2017-05-04 / Front Page

Prayer shawls

Marie Joseph celebrates 10-year tradition
By Garrick Hoffman
Staff Writer


Elaine Lariviere of Dayton, left, and Beverly Libby of Westbrook – who founded the prayer shawl retreat 10 years ago – knit prayer shawls at Marie Joseph Spiritual Center on Saturday, April 29. (Garrick Hoffman photo) Elaine Lariviere of Dayton, left, and Beverly Libby of Westbrook – who founded the prayer shawl retreat 10 years ago – knit prayer shawls at Marie Joseph Spiritual Center on Saturday, April 29. (Garrick Hoffman photo) BIDDEFORD – Pairing their knitting and crochet skills with plenty of prayer and camaraderie, about 20 women gathered at the Marie Joseph Spiritual Center for the 10th anniversary of the center’s prayer shawl retreat weekend.

Situated in Biddeford Pool and overlooking the ocean, the April 29 weekend retreat, hosted by administrator and Biddeford Pool resident Sue Bourett at the former Evans Hotel, attracts participants from Massachusetts, New Hampshire, Connecticut and Maine, and in the past it has attracted people come from Vermont and Rhode Island. It’s open to the public and anyone can join, and the retreat costs $200.

The retreat was facilitated by Worcester, Massachusetts resident Connie Bartelson, one of the first women involved when they began meeting 10 years ago, wherein women sitting in a circle knitted and crocheted prayer shawls in accordance with scripture and a theme of water. No shawl bears the same pattern or color, Bartelson said.


Prayer shawls of different patterns and colors hang in the Marie Joseph Spirtual Center. All are woven with prayer and donated in celebration or to those in need. (Garrick Hoffman photo) Prayer shawls of different patterns and colors hang in the Marie Joseph Spirtual Center. All are woven with prayer and donated in celebration or to those in need. (Garrick Hoffman photo) “Tomorrow, we’ll pass our shawls around, one at a time, and each one of us prays over that specific shawl,” she said. “These shawls are prayed over by each of the women here – very special. The point of the retreat is to get together with people from other states and share what you do and bond.”

Prayer shawls are garments or clothes that are blessed and have the look of long, knitted scarves. Bartelson said prayer shawls originated from Jewish culture, but can be made for anybody and are invariably donated. Many parishes have a ministry where they pass them out if someone is sick or dying, but they’re also celebratory, she said.


Sister Sue Bourette, administrator of Marie Joseph, in the meeting room where the prayer shawl retreat was held. She said the group of women knitting and crochetting prayer shawls was “a spirited group.” (Garrick Hoffman photo) Sister Sue Bourette, administrator of Marie Joseph, in the meeting room where the prayer shawl retreat was held. She said the group of women knitting and crochetting prayer shawls was “a spirited group.” (Garrick Hoffman photo) Westbrook resident Beverly Libby, who founded the prayer shawl activity at Marie Joseph in 2007 along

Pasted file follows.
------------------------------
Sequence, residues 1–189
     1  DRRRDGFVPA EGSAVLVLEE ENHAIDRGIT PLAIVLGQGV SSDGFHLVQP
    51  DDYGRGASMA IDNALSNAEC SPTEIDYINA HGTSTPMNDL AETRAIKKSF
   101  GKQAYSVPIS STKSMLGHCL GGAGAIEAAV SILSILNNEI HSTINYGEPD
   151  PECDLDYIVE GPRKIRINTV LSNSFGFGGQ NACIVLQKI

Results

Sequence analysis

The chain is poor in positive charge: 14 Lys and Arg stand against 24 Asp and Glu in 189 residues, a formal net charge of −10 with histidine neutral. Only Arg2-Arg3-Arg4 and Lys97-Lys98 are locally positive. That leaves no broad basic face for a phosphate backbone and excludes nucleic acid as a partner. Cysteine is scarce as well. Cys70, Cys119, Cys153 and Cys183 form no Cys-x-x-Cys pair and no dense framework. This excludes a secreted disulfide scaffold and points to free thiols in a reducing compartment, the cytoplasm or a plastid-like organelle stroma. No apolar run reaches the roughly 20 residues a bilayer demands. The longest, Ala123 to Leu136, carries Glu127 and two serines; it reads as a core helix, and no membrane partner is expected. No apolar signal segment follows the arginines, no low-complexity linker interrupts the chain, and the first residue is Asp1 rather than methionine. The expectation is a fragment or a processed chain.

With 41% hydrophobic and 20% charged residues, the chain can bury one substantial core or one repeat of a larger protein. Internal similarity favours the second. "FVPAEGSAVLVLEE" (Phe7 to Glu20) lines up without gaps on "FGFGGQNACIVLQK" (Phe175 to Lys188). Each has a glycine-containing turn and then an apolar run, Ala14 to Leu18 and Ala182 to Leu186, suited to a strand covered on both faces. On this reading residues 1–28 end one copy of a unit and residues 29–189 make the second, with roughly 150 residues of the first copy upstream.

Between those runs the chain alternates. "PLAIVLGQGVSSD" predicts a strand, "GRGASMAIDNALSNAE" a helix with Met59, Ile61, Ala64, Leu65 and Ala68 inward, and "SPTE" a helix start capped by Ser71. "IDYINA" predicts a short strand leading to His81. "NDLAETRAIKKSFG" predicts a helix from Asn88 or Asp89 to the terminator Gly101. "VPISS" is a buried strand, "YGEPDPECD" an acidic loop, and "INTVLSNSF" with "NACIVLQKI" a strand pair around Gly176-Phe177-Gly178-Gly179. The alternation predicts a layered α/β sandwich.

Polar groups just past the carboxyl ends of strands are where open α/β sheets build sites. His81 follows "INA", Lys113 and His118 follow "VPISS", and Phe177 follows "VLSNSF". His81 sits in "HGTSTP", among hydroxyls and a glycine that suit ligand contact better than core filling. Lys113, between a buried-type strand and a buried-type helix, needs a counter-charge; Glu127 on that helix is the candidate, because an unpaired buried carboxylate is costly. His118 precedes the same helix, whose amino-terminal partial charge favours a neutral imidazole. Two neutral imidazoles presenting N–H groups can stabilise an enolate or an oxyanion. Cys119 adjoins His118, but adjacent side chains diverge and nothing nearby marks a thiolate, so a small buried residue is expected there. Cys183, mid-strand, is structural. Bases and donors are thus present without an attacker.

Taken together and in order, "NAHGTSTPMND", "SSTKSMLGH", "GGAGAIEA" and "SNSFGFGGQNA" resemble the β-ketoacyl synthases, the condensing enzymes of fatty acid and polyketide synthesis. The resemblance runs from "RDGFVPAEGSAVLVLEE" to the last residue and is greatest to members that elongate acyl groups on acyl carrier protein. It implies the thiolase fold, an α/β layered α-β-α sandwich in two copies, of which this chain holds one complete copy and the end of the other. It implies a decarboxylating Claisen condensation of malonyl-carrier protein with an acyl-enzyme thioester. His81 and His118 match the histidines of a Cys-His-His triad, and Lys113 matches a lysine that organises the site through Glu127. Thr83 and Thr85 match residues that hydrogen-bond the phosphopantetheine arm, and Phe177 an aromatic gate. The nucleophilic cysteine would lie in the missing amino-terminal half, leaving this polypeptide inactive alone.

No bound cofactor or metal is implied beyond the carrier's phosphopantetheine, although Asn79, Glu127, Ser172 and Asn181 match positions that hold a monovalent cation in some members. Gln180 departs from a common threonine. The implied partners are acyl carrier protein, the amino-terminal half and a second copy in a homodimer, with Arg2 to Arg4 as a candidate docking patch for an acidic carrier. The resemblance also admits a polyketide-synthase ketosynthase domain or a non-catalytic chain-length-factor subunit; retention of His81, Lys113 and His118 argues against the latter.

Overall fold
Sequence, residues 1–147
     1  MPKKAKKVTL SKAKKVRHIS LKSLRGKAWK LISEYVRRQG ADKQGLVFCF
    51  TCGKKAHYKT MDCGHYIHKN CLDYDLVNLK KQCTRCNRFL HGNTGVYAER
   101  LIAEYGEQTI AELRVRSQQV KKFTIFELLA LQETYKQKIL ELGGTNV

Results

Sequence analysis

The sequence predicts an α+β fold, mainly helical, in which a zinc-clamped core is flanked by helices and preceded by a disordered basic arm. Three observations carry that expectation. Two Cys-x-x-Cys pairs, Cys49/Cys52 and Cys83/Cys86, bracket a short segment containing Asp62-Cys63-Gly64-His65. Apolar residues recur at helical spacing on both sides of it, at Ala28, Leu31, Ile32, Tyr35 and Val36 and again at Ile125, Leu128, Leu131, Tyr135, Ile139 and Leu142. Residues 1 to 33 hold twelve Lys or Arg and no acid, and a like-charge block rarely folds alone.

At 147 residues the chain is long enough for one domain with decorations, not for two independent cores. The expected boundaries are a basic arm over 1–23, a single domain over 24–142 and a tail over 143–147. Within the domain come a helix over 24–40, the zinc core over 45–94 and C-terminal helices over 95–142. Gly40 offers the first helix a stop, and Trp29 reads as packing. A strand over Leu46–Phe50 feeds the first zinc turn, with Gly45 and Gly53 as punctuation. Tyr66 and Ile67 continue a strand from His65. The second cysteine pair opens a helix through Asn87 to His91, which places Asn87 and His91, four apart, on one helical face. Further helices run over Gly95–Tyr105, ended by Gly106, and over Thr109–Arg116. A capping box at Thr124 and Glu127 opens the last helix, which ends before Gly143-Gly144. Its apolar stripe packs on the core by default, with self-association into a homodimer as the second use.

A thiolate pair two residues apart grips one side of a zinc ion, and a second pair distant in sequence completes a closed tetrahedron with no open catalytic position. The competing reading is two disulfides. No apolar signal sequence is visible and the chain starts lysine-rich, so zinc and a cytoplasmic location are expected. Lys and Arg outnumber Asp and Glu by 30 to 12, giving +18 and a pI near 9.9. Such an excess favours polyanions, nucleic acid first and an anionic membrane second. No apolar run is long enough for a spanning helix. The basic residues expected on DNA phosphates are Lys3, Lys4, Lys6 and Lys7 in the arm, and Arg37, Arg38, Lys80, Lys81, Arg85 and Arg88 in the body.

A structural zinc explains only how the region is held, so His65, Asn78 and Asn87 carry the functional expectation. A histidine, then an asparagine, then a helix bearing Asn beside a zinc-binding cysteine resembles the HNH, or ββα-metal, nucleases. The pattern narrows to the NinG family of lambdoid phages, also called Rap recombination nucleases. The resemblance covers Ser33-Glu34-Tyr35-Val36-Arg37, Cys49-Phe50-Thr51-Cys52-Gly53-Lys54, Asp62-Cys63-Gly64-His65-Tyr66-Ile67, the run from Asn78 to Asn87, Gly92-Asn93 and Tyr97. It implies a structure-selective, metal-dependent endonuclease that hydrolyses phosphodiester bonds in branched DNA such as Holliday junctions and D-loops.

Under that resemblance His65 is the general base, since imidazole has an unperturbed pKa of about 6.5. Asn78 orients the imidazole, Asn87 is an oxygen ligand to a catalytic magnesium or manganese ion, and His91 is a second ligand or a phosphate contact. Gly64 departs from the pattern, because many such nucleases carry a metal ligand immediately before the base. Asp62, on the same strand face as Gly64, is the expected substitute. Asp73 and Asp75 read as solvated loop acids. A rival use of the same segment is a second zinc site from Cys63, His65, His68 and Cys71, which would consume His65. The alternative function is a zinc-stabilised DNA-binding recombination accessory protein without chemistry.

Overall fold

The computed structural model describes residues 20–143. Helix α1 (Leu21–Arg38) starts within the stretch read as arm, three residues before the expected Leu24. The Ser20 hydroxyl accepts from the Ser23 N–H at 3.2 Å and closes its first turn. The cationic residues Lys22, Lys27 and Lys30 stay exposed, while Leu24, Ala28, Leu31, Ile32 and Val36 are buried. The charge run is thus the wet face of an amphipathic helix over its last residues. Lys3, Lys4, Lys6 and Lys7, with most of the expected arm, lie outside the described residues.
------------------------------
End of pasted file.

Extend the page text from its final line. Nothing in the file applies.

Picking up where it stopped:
FMI

The next prayer shawl retreat weekend will be held May 19 to 21 at Marie Joseph. To sign up, contact the center at 284-5671.

with Bartelson and Rosemary Mazzocchi of Hollis, New Hampshire, and has woven more than 200 shawls in 10 years, said the creator often discovers how the shawl is used and who it’s given to. The beauty of the shawl isn’t its only important element, she said.

“Every single one of them is knit with prayer, so the prayer is as equally important as the beauty,” she said.

Everyone who has made a prayer shawl has a different story, Bartelson said, and sometimes the creator is making it without knowing who it will go to.

“A lot of times you have no idea who you’re making the shawl for, and all of a sudden it’s done and you get a phone call and you need to give it to that person, because the person’s there,” she said. “My girlfriend’s son-in-law was going to Iraq and she asked if I’d make her a shawl. He couldn’t take a shawl with him so we made a little one and he put it in his backpack and took it. We made her a shawl of the same color so she could have one while he was over there. And we made little ones for her three boys, and they had it under their pillows the whole time he was over there. It’s a connection to back home.”

The shawls were also given to each other. At about 11 a.m., after knitting and crocheting for about an hour and a half, the women stood and, in a ceremonious fashion, three of them offered a selected woman a shawl they made by draping it over the recipient’s shoulders. Following the offering of the shawls, the women iterated a series of prayers.

“May our friends today at our prayer shawl retreat receiving their shawl of friendship be cradled in hope, kept in joy, graced with peace and wrapped in love,” the women chorused.

The group meets four times a year to produce shawls, Bartelson said. Two of the gatherings are at Marie Joseph, and the other two are in New Ipswich, New Hampshire. While the group has made shawls for those in need, it has also made shawls for weddings and baptisms, Bartelson said.

“They’re a spirited group,” Bourett said.

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